Disappointing sales of Molmed’s stem cell transplant add-on, Zalmoxis, could be a worry to rivals Bellicum and Kiadis. So far, Molmed is blaming Zalmoxis’s lacklustre launch on its marketing partner, Dompé – but its competitors will no doubt be watching for signs of weak demand. Zalmoxis, which got the go-ahead in Europe two years ago, consists of T cells that have been modified to include a “suicide switch”. It is given as part of haematopoietic stem cell transplantation in partially matched blood cancer patients; the risk of graft-versus-host disease normally means that a fully matched donor is needed, but here the suicide switch serves as a safety net to ablate the cells in case complications do arise. This makes Zalmoxis similar to Bellicum’s BPX-501, which is due to be filed in Europe next year – a clinical hold in the US was recently lifted. Meanwhile, Kiadis’s Atir101 does not include a suicide switch but undergoes a procedure to remove GvHD-causing cells. It is unclear yet whether Molmed wants a new partner for Zalmoxis – if it does, and manages to get one, and sales still do not pick up, then Bellicum and Kiadis might have something to worry about.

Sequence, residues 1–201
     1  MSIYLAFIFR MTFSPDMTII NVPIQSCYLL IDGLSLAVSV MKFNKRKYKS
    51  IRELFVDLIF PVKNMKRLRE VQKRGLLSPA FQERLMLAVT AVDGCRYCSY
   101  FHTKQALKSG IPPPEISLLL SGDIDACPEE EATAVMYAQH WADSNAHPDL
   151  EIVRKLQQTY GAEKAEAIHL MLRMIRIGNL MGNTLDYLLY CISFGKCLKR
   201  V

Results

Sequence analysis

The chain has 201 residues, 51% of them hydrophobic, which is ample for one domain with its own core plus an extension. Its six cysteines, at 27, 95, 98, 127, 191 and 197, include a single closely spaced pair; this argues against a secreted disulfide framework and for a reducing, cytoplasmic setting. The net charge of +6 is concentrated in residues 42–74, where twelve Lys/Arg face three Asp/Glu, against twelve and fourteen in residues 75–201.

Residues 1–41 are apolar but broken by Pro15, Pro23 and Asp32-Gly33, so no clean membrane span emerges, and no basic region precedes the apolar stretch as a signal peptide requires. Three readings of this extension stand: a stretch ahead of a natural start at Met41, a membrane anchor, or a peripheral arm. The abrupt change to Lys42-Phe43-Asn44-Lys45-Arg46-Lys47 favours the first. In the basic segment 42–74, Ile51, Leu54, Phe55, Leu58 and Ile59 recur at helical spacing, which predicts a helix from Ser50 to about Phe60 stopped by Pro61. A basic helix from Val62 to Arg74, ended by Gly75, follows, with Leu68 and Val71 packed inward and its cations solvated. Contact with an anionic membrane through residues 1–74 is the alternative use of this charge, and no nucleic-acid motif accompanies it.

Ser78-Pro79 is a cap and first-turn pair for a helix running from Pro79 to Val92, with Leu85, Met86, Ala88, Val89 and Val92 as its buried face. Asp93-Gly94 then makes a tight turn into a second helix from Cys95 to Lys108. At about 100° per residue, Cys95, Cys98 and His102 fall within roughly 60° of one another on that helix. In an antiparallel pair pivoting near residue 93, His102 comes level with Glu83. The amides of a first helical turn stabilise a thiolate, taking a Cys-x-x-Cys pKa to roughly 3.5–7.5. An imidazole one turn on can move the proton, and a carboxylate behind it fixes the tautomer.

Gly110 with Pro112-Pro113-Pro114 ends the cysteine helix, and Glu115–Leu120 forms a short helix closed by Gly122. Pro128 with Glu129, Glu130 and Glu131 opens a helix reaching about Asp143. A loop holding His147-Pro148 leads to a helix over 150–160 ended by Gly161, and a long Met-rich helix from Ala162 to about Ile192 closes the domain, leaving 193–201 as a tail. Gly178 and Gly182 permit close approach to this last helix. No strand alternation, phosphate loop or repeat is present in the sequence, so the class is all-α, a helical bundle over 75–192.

|Stem cell transplant add-ons|
|Zalmoxis||Molmed||Ganciclovir/valganciclovir-triggered "suicide switch"||Approved in EU, phase III in US|
|BPX-501||Bellicum||Rimiducid-triggered "suicide switch"; alpha/beta T cells removed||EU filing due 2019, phase I/II in US|
|Atir101||Kiadis||GvHD-causing cells removed using Kiadis's photodepletion tech||Filed in EU, phase III in US|
|Source: Company websites.|